Originally Posted by hmm
I disagree here. These chips are shared between servers and workstations. In both cases intel tends to be very conservative in favor of stability. Note how many things pushed them back already. They have high margins and limited competition in this segment.
The volumes here are low too though:
Worldwide server shipments in 2011 were just over 8 million. That's around 2 million per quarter. That makes server and workstation volume worldwide just 3 million units per quarter. That's 12 million servers and workstations vs 340 million desktop/laptops - 3.5%. Intel would be much better off trying to get these fast chips into more mainstream form factors and lower price points.
A lot of the server chips aren't priced any higher than desktop ones so their margins can't be higher in all cases.
Originally Posted by hmm
I forgot to add, it might fit in an imac in terms of tdp, yet they still won't use the same board. They didn't use Ivy Bridge E3s either. We'll see what actually happens, but I don't expect Apple to design extra logic boards just to accommodate a slightly wider range of cpu offerings in the imac. I could be wrong as they've turned less conservative on hardware choices lately.
They have to design the boards as it is though. The leaked model ID MP60 suggests they'll retain the headless form factor for now but Intel has no reason to show much interest in this segment:
"Furthermore, we've been told that the company is currently planning to change its media policy on the sampling side, as Intel would like to change the perception of the company from a component provider into a solutions provider. Naturally, this leaves the high-end desktop/workstation in a bit of a tight fit, as the roadmap will show."
Intel doesn't like allowing their rival companies to profit from their work:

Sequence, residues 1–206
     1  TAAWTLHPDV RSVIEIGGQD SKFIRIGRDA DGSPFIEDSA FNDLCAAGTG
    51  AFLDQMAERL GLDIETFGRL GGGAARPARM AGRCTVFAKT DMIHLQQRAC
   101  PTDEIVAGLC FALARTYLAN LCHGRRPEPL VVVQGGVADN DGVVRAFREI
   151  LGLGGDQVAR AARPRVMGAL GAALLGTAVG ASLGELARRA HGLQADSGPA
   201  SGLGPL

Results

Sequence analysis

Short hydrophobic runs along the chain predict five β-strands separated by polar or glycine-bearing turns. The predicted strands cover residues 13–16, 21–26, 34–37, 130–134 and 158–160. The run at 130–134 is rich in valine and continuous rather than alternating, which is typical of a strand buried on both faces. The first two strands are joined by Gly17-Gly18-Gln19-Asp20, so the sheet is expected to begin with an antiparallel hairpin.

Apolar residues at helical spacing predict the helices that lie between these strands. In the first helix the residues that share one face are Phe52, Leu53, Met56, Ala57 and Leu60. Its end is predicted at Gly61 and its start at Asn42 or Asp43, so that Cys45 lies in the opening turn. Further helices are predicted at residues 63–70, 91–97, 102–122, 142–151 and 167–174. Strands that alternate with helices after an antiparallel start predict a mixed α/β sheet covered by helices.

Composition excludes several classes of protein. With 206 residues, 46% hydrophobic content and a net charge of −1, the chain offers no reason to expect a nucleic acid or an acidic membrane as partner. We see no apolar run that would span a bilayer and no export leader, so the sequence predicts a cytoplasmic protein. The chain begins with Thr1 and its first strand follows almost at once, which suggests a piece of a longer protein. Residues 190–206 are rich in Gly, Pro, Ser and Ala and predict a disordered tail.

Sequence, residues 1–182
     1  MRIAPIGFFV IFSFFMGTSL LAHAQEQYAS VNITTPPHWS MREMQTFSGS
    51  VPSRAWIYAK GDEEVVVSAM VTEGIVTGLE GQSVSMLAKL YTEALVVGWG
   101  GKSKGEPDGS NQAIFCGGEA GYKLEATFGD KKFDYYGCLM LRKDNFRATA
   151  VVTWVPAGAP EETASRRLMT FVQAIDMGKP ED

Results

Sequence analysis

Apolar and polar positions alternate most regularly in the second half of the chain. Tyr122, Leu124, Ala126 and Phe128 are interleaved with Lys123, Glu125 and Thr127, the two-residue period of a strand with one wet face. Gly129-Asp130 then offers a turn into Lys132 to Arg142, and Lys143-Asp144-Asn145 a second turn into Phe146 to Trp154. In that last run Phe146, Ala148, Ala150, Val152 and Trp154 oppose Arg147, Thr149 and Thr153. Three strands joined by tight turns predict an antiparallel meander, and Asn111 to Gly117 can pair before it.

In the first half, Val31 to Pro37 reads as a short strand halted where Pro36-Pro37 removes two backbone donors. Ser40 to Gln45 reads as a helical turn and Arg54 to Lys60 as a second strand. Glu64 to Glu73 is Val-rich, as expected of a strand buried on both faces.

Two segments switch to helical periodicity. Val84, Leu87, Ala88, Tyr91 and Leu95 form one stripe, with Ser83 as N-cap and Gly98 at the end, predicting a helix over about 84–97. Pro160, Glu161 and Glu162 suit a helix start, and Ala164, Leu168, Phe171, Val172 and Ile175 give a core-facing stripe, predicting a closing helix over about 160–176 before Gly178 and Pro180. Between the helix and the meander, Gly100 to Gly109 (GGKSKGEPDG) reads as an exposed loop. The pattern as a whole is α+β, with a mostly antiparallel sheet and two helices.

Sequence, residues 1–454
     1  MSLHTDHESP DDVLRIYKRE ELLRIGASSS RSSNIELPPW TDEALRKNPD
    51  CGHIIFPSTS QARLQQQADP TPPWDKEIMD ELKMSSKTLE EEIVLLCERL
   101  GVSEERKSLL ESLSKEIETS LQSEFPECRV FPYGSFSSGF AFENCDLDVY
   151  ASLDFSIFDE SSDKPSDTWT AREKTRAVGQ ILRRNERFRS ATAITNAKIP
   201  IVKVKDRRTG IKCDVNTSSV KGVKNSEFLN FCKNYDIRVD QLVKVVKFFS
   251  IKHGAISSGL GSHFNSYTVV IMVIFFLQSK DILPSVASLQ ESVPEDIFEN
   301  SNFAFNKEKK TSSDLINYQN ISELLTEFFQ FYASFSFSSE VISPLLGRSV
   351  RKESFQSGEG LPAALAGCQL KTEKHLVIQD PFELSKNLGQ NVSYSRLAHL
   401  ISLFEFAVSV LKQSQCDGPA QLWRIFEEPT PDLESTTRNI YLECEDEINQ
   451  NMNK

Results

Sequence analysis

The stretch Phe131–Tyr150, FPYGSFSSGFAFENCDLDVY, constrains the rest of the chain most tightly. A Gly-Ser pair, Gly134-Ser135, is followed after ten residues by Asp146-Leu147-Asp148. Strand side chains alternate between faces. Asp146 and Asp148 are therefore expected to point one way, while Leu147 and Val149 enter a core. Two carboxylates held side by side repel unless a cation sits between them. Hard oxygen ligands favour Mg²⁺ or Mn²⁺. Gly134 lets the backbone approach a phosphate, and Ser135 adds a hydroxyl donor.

That says Intel was required by the FTC to support PCIe until at least 2016 but they obviously tried to avoid it in the Atom machines at one point. Obviously motherboard manufacturers can put in their own PCIe support but imagine when Intel goes the solutions route instead of the component route and just ships the board with the CPU stuck to it.
This is where Thunderbolt comes in because that also blocks AMD for high-end peripherals.
That's the way all the companies will go too all the way up to servers and workstations. An SoC means you have to use their tech and soldered components means you can't just plug in a new upgrade and not buy another chip from Intel. Intel doesn't want you to keep a Mac Pro for 6 years and give money to NVidia to prolong its usefulness:
"It's a move that could make PC OEMs happy too. Soldering a component to a motherboard is cheaper than soldering a socket and then fitting that processor into the socket. The difference might only be pennies, but spread over millions of PCs, those pennies add up.
As far as the PC OEMs are concerned, killing off the PC upgrade market would be a good thing because it would push people to buy new PCs rather than upgrade their existing hardware. The PC industry is currently stagnant, partly because consumers and enterprise are making existing hardware last longer."
Originally Posted by wizard69
Both users will eventually have to realize that Apple needs to do something to assure desktops in the future.
I don't think it's a good idea to have the same chassis for both Mini and Pro. The Mini is designed as a low power desktop and server. The Mac Pro is designed as a high-end machine. When you try to pull them together, you obviously try to create the mid-range tower again but they won't do that.